History of the Natural Lands
The ICNL system began in 2004 when faculty from the Department of Biology met with the College administration to assess and develop a sound management philosophy for the biological resources of the properties in Newfield and on South Hill. This discussion followed the announcement in an issue of the campus newspaper, The Ithacan, that logging was to occur on Ithaca College’s forested South Hill properties. This announcement piqued the curiosity of numerous faculty, staff, and students. One of the outcomes of the discussions between Biology and the College administration was the establishment of the Ithaca College Natural Areas Stewardship Committee (NASC), to be co-chaired by Biology faculty member, Jason Hamilton, and Associate Vice President of Facilities, Rick Couture. The NASC was charged with promoting substantive teaching and research, exploring compatible additional uses, and serving as the managerial body for the Newfield property. In addition, the committee was charged with developing management recommendations for IC’s lands adjacent to campus on South Hill. In early 2005, NASC was reorganized as the Ithaca College Natural Lands Committee (ICNLC). This group, still co-chaired by a Faculty Manager and the Associate Vice President of Facilities, serves as an advisory body to the Vice President of Finance and Administration on matters pertaining to the use and management of the ICNL system.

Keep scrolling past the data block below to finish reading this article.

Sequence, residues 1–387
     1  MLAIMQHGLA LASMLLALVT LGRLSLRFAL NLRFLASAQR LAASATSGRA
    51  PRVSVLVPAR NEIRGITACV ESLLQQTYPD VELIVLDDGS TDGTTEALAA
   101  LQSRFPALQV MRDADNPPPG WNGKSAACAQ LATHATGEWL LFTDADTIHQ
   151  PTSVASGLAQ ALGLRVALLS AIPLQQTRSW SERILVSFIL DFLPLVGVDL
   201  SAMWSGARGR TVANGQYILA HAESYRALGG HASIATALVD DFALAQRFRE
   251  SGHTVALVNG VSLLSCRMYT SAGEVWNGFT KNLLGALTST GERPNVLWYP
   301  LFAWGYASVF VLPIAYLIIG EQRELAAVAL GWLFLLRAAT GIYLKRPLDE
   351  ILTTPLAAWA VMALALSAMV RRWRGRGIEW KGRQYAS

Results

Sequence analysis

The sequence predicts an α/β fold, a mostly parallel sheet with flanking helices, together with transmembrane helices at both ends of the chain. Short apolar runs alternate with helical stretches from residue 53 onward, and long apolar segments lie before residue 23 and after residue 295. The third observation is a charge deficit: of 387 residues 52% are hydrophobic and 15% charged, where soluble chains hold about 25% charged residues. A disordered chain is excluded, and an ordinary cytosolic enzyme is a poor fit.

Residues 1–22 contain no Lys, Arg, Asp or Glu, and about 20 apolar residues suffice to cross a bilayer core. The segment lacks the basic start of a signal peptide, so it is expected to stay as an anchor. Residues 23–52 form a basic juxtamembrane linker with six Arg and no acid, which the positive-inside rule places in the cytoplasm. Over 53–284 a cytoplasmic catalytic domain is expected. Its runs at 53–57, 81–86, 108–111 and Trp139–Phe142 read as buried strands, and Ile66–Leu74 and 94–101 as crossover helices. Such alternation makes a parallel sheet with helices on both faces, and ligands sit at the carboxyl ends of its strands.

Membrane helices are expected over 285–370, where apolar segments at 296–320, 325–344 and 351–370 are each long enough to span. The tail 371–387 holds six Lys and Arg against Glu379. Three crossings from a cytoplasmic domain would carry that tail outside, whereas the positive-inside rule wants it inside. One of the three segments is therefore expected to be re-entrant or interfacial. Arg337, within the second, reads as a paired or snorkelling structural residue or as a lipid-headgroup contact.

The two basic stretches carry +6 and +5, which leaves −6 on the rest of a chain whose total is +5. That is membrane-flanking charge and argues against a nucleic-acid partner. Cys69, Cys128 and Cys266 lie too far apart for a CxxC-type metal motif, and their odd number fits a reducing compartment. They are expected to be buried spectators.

A brief history of the ICNL Reserves:
South Hill Natural Area (East and West). Before the college’s acquisition of what is now SHNA-East, the land was used for agriculture and animal husbandry. Evidence of these land uses are still readily apparent to the trained eye in the form of stone walls and wire fence lines dissecting SHNA's forests. When Ithaca College moved its campus from the DeWitt Park neighborhood to South Hill, the property that would become SHNA-East was included in the original land acquisition.
The Bob Robinson Family Preserve. Robert Robinson donated the preserve’s 82 acres to Ithaca College in the 1970s, with the express wish that it be managed as a nature preserve. This reserve is only accessible with a permit from the ICNL Committee.
The Ithaca College Natural Resource Reserve. Also donated to the college in the 1970s by Robert Robinson who wanted to protect its ecological character, these 46 acres of land are managed and used more intensively than its sister preserve, the Bob Robinson Family Preserve. This reserve is only accessible with a permit from the ICNL Committee.